They do end up together, which I guess worked for Hannah (though I think she could have done better! And not with Matt, who was a jerk of another kind) who choose to ultimately withdraw from the dancing world and try on a different kind of life. (less)
Stopped reading this at 100 pages. I was just bored, bored with the plot and characters and even the imagery and writing themselves, which I usually l...moreStopped reading this at 100 pages. I was just bored, bored with the plot and characters and even the imagery and writing themselves, which I usually love when it comes to Francesca Lia Block. Quite a few of her books are my favorites, but I have tried several of her later ones (the ones after The Rose And The Beast) and have found myself disappointed. I'm not sure if it's because I'm getting older and my expectations for books get higher, or if because the books are just overall geared towards teens (a state everyone grows out of). I don't really believe that last one, because I still love the books of hers that I had originally (even though I'm no longer a teen), but maybe because I am no longer a teen, I can't look at her newer books with the same eyes.
This feels disappointing because I really wanted to like this book, as well as some others, like Blood Roses and Echo, more.
**spoiler alert** Unfortunately, I didn't enjoy this one as much as I did the first. The writing and plotting were sloppy and the whole thing sort of...more**spoiler alert** Unfortunately, I didn't enjoy this one as much as I did the first. The writing and plotting were sloppy and the whole thing sort of felt dumbed down and just a huge rehashing of what had happened in the first book. Even the ending was practically the same: Lena Claims herself to be both Light and Dark at the end of this one, and in the first book, she sort of ends up both Light and Dark but *without* actually Claiming herself. Also, Abraham, Sarafine and Hunting all get away again. I was pretty sure that Lena had killed them all at the end of the first book (not Abraham, who wasn't in it, but Larkin), but in this book it turns out they are very much alive. I think this one had way too many characters all crammed into one space.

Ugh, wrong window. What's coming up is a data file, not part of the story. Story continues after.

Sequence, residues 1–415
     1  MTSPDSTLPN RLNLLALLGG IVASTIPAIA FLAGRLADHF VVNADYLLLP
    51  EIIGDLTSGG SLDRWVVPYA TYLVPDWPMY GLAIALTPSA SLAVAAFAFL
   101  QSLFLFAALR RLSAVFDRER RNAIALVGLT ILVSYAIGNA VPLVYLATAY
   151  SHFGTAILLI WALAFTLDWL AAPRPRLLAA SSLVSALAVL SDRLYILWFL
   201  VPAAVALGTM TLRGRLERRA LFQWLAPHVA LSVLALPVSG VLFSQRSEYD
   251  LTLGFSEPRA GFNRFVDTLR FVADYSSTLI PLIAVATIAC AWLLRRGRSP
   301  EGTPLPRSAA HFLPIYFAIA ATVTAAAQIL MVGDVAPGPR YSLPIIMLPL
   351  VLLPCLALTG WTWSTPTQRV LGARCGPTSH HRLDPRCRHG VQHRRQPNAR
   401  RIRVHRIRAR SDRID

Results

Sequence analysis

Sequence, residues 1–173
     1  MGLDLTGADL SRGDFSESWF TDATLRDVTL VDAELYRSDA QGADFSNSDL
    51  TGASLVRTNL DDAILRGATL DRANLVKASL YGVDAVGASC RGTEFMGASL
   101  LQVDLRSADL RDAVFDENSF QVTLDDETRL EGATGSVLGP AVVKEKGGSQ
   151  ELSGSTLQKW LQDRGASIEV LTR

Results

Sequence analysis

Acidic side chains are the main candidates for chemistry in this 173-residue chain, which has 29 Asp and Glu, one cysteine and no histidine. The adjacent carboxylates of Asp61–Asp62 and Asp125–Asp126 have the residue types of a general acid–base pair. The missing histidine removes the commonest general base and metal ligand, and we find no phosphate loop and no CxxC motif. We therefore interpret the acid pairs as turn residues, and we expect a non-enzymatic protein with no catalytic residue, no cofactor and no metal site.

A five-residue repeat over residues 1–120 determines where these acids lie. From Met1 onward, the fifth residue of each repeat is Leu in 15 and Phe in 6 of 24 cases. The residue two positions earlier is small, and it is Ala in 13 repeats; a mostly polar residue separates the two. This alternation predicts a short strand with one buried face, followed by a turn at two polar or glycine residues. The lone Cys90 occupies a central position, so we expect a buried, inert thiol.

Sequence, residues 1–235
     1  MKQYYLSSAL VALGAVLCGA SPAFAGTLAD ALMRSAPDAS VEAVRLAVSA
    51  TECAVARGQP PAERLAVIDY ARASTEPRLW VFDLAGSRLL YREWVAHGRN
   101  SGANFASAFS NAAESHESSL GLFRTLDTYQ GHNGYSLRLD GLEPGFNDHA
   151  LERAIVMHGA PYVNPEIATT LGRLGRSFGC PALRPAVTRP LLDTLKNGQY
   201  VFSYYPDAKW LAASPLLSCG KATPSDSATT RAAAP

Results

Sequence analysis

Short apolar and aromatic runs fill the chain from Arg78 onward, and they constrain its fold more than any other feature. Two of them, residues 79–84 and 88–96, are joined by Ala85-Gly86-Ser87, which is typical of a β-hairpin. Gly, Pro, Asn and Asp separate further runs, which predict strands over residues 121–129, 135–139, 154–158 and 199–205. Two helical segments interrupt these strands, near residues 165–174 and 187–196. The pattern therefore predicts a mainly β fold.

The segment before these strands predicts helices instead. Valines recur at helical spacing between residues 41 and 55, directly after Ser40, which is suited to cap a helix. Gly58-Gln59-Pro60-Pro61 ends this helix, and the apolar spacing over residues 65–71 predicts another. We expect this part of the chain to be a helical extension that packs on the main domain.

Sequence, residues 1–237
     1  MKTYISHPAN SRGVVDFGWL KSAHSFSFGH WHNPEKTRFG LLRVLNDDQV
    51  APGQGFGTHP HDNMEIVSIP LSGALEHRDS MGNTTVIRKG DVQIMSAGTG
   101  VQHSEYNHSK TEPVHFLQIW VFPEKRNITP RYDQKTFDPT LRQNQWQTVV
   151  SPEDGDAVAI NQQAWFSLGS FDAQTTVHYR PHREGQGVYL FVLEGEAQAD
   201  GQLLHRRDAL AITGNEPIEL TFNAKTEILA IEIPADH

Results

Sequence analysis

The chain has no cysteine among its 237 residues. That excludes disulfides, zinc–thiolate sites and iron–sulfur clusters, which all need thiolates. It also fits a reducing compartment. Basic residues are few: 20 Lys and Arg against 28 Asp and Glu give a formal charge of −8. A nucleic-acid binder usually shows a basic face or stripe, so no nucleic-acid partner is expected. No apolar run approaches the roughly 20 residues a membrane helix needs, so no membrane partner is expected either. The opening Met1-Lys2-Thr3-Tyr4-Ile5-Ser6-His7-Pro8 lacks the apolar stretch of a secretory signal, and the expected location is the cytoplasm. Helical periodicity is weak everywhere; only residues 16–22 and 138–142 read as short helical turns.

Honestly, much of the plot felt farfetched and required the extremes of suspending your disbelief, an overall effect which came off as forced. In the first book, you the reader gets information about the goings-on pretty much as they are happening in the present and at the same moment Ethan, the narrator, so you're basically choosing to accept the information as he is, whether or not he fully understands it all. But in this one, the information kept getting more ridiculous and out there. I absolutely despised Liv, as well as when the book goes out of Ethan's POV to show the return of Abraham and apparently the now Mortal Ridley releasing John Breed out of the retrieved Arclight. I also didn't like Lena in this book; in the first one, she had a better reason to be kind of whiny and bratty, but in this book, that got old really fast. I guess I could excuse that as Ethan did—when he *finally* found out the reason Lena had become so distant: because she was certain she'd killed Macon in exchange for Ethan's life.